RBA governor Philip Lowe forewarned another rate rise would be necessary after the latest inflation figures remained stubbornly high. And today, the central bank was true to his word, hiking by 25 basis points to see the new cash rate sit at 2.85%.
Lowe said inflation in Australia is too high, registering 7.3% over the year to September, which is its highest in more than three decades.
“A further increase is expected over the months ahead, with inflation now forecast to peak at around 8% later this year,” he said. “Inflation is then expected to decline next year. Medium-term inflation expectations remain well anchored. The Bank’s central forecast is for CPI inflation to be around 4.75% over 2023 and a little above 3% over 2024.”
Lowe said Australia was still experiencing solid economic growth and a boost in income, but said this would moderate in the coming year as the global economy slows.
Today’s decision means the cash rate is now at its highest level since April 2013.
Seven consecutive hikes mean mortgage holders are paying a lot more to the bank than they were at the beginning of the year.
An owner-occupier with a $500,000 debt has now seen monthly repayments raise by as much as $760. Capital city medians are largely higher than this though, so if you live in Sydney or Melbourne for example, you’ll be paying much more again.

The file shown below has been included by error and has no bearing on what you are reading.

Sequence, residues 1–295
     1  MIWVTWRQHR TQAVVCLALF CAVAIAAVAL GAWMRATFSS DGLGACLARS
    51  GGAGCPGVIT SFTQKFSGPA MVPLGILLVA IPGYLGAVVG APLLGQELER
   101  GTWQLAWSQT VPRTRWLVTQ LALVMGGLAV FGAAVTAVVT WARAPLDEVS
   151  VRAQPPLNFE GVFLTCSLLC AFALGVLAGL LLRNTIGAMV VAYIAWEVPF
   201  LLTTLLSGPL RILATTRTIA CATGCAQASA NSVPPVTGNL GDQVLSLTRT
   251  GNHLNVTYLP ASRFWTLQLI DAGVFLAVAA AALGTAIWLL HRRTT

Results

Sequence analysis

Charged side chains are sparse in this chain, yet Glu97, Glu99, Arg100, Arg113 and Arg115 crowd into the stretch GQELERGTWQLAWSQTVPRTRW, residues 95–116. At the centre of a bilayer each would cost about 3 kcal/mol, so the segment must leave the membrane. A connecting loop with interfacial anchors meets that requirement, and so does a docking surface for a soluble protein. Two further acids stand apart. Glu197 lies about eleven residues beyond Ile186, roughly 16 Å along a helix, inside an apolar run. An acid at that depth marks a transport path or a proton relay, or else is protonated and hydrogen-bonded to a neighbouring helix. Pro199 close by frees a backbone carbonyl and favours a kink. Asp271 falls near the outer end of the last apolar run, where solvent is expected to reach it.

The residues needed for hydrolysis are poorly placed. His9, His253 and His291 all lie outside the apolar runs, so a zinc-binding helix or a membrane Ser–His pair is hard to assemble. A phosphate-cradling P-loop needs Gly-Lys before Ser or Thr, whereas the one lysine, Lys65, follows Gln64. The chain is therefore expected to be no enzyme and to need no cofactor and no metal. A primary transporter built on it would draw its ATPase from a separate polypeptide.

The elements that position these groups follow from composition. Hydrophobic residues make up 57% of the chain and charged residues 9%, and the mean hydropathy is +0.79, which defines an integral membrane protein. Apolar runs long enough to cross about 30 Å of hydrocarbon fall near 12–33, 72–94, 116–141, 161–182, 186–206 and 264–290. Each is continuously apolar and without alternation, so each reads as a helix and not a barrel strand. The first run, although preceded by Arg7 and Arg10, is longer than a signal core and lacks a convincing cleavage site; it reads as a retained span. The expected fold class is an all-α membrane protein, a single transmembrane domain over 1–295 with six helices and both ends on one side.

So, is this it?
If you’re wondering if this will be the last rate hike, it depends who you ask.
Some of the big four bank economists predict it will reach as high as 3.85% next year, while others don’t think it will be as bad.
Then there’s b Invested founder and investment property expert Nathan Birch, who believes that rates must begin to come down next year based on trends he is seeing in futures market yield curve data.
Philip Lowe has repeatedly said the RBA is committed to getting inflation back to its target range. The issue there is that inflation data keeps coming in high.
“The Board expects to increase interest rates further over the period ahead,” Lowe said today. “The size and timing of future interest rate increases will be determined by incoming data and the outlook for inflation and the labour market. The Board (is determined) to return inflation to target and will do what is necessary to achieve that.”
How much more can we take?
RateCity expert Sally Tindall points out that Australians are already facing the highest annual rise in the cost of goods since 1990. Add increasing mortgage costs and it’s sure to reach boiling point for many households. And the most painful point is yet to come.
“Households should remember that while we’re six rate hikes in, many of them have only started paying the third or fourth hike,” she said.
Meanwhile SQM Research data has revealed a rise in distressed sales, which will become worse as rates keep rising.
Distressed listings, which usually are the result of forced sales due to owners being unable to make repayments, are a hallmark of property downturns. They were up by more than 7% over two months in both NSW and QLD.
“The new rise in distressed sales activity may indicate the rising interest rate environment is starting to bite,” SQM Research director Louis Christopher said.